Cheezburger CEO Ben Huh may be in the business of cracking people up. But the Seattle Internet entrepreneur also has some strong opinions about filling people’s brains with more than just viral videos and silly Internet memes.
We heard some of those ideas at an event last week hosted by the University of Washington’s Master of Communication in Digital Media as the kickoff of a month-long series of events about the future of education.
The Q&A, which I led, included a number of Huh’s personal thoughts on where the educational system is breaking down, as well as his views on whether entrepreneurs are well-suited for formal education.
But Huh’s most passionate plea came in minute 18 (of the video below) in response from an audience question from GeekWire columnist Frank Catalano who asked about the role of funding K-12 education. Huh’s frustration with the lack of public support for education left the outspoken entrepreneur nearly speechless. See below for those comments as well as extended excerpts from the talk.
On why he’d probably drop out of college if he were doing it over again:
“OK, I am going to rewind the clock back to 1995 when I went into college. And I’d probably make the same decision to go. I might have opted to go to Stanford versus Northwestern because it is a hell of a lot warmer…. And I probably would have dropped out. I think I regret not dropping out to be honest. I regret not dropping out of Northwestern because the most exciting stuff that was happening in the world at the time was not happening in education. Going to college was not the most exciting thing that I could have learned. It was very valuable, but I think trying my hand at building the early part of the Internet would have been amazing in my life. And maybe I would have had the discipline to go back and finish my degree if it didn’t work. But I think it was a chance that was worth taking.”
On the ‘competitive threat’ in education:
“The reason you and I are even on stage today to talk about this is the fact that higher education, for the first time, is actually facing a competitive threat from a non higher educational source. Right? And that is like the eye-opening thing that you hear about educators talking today. No one used to argue the relevance of formal education until very, very recently. And it is because people actually have the opportunity to actually gain practical experience.”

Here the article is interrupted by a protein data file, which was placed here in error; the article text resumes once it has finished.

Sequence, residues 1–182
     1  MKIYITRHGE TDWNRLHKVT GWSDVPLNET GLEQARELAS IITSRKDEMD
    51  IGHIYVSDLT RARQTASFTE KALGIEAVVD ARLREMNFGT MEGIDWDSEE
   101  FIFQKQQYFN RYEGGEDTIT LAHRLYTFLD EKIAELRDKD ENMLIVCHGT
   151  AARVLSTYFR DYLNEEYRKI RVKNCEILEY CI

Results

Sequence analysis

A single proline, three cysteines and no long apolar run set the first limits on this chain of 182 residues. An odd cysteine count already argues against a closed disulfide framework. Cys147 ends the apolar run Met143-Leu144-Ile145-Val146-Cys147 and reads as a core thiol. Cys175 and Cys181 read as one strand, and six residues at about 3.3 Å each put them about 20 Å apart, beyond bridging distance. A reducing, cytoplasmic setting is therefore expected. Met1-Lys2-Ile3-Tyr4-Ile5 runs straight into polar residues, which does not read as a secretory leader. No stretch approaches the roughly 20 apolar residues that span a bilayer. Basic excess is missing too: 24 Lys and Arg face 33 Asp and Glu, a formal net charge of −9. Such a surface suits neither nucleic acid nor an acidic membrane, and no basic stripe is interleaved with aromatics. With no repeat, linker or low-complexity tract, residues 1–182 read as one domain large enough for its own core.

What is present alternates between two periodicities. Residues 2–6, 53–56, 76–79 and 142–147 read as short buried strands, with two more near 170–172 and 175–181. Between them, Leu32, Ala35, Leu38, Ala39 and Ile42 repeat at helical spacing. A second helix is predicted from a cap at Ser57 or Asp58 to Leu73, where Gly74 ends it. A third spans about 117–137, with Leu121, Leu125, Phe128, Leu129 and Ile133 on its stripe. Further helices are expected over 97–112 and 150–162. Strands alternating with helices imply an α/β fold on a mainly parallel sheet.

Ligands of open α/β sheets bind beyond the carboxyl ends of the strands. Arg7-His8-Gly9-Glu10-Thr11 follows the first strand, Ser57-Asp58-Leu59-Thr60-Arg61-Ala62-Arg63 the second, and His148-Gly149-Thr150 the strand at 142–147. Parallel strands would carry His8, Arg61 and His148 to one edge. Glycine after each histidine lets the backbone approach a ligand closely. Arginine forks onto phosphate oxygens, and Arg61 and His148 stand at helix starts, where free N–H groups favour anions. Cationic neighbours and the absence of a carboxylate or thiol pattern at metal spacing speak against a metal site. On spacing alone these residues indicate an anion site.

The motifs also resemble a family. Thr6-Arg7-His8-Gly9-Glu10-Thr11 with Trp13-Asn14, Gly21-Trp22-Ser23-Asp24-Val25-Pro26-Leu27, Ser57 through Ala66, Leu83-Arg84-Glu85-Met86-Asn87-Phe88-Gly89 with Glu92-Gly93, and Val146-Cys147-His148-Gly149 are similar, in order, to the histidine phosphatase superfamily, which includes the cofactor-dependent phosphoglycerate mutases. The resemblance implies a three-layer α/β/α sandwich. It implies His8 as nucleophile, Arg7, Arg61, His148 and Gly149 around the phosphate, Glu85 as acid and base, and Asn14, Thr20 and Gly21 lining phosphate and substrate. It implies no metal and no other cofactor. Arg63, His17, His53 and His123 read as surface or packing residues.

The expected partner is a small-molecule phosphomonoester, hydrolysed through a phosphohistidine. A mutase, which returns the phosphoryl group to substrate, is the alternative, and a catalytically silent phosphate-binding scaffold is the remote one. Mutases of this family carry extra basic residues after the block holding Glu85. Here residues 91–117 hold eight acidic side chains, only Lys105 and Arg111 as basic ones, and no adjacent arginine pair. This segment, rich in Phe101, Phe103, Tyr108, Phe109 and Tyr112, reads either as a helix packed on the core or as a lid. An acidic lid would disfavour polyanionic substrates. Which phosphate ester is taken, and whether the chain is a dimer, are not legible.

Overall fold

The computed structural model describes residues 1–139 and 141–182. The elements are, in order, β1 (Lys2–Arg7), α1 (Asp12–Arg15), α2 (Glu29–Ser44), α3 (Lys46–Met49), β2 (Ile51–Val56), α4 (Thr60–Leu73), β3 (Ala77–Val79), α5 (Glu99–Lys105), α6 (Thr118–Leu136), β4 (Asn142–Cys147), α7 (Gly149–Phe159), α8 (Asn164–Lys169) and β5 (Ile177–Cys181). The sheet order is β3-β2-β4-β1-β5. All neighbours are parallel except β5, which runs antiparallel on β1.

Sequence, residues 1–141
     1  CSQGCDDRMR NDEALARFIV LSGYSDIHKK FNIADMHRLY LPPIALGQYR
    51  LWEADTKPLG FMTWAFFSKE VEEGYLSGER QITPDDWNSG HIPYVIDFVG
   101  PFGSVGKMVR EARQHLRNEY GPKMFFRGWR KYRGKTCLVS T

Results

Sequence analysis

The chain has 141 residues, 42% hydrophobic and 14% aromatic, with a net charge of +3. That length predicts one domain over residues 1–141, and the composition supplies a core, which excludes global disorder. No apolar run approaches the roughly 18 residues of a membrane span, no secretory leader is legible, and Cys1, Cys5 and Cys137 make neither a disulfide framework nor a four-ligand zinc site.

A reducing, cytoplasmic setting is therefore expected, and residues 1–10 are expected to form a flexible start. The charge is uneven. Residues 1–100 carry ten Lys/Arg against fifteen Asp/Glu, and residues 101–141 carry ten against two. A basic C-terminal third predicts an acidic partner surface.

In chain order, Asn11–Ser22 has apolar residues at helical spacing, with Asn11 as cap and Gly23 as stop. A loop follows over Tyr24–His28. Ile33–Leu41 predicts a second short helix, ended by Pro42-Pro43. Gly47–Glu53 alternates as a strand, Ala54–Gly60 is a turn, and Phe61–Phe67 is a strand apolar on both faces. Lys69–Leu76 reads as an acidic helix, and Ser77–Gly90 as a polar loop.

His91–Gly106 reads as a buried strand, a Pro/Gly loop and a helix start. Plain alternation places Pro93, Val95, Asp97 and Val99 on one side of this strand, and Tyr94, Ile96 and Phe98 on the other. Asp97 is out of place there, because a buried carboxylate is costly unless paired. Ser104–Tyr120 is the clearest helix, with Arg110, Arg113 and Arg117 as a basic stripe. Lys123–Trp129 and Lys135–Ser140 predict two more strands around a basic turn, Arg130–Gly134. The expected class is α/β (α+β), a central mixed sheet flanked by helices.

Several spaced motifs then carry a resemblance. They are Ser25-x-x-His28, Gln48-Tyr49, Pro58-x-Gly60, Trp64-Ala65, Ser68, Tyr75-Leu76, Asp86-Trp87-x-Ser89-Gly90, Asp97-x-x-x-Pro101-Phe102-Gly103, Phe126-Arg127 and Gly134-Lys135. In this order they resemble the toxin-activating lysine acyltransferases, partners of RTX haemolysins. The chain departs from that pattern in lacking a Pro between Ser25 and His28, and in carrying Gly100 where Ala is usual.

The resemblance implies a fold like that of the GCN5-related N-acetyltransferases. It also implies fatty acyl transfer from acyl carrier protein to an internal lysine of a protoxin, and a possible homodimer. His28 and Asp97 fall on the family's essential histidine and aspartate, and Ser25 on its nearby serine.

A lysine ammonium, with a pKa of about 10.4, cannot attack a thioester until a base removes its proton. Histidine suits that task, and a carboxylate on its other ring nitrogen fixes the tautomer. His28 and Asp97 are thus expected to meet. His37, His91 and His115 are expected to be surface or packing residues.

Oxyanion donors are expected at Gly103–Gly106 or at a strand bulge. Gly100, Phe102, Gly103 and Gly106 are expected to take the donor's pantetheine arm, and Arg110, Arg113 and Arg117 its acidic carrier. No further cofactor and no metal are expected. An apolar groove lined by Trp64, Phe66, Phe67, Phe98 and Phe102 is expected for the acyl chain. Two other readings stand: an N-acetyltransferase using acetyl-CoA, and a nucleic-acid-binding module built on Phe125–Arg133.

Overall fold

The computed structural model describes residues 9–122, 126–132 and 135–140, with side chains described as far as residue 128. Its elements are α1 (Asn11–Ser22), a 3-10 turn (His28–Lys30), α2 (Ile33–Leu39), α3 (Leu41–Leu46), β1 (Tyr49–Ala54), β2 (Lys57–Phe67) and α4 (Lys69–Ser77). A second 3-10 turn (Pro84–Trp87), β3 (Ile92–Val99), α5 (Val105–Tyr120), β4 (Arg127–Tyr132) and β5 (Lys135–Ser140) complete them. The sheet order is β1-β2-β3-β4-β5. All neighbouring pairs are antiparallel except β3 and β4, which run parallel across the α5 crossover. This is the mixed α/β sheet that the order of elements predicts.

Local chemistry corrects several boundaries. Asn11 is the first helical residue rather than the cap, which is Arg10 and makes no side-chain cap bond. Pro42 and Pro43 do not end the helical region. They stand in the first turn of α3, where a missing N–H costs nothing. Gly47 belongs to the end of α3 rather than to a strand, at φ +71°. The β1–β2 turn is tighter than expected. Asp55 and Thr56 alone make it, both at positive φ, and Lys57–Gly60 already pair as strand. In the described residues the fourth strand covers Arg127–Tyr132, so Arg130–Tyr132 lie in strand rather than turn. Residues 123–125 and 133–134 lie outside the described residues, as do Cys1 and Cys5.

On whether you can learn to be an entrepreneur in college: “We talk about entrepreneurs like they are a social class or like a cast of people. We are not. At different times in your life, you will have more of calling to be an entrepreneur and sometimes you won’t. I don’t know that you can ever learn how to be an entrepreneur in class. I think what schools do is they are great at connecting you with other people of the same caliber or like-mindedness or have the same outlook, and giving you the social glue…. It engenders trust and connectivity, and that has a ton of value.”
On why Seattle needs to invest in education to become a world-class city: “What’s lovely is that this place is drawing talent from the entire Northwest, so that is a competitive advantage that Seattle has and that the UW has, which is that you are drawing talent from this region: From Idaho, Oregon and other places. But that’s not good enough. If you want to be a world-class city, and I would argue that Seattle is on the fringes of becoming a real world-class city, where there are tons of multi-cultural things … you need a university. You actually need more than one university that is world-class. And I think UW definitely, if they are not already there, can be there. The amount of research dollars that go into UW, the amount of research people who show up from all over the world; the Bill & Melinda Gates Foundation is going to draw a tremendous amount of multi-cultural talent into this city, and we have to take advantage of that if we really want the word Seattle to be spoken in the same sentence as San Francisco. And it is not today. It is going to take decades, but that requires a foresight from the people who run this city and the people who run this state to say that we are not going to listen to the 1,000 different voices that want us to be driven in 1,000 different directions. We are really going to put a stake in the sand and say: ‘We are going to be a world-class city. And that means starting with education.’ Because you have to start there.”
On the importance of funding K-12 education: “Is there a soapbox here? Because I am going to stand on it for a little bit. I think it is absolutely terrible that this state is one of the most regressive tax states in the country. We are shooting ourselves in the foot for the next 50 years by not funding K-12. Where do you think college kids come from, right? It’s frustrating. It is really frustrating…. We need to fund our schools. Not private schools. Public schools, with all of our money. I don’t have kids, but I am more than happy to make sure that we have a better education system because if I plan on being here and I plan on my family being here for a long time, if we don’t fund our K-12, we are not going to have great college kids, and we are going to have to rely on importing people to go to our schools and taking up our state slots. That’s not right.”
The interview with Huh starts in minute five of the video below, with the entrepreneur sharing his experiences about studying journalism at Northwestern University.
[Editor’s note: GeekWire co-founder John Cook is on the advisory board of the MCDM]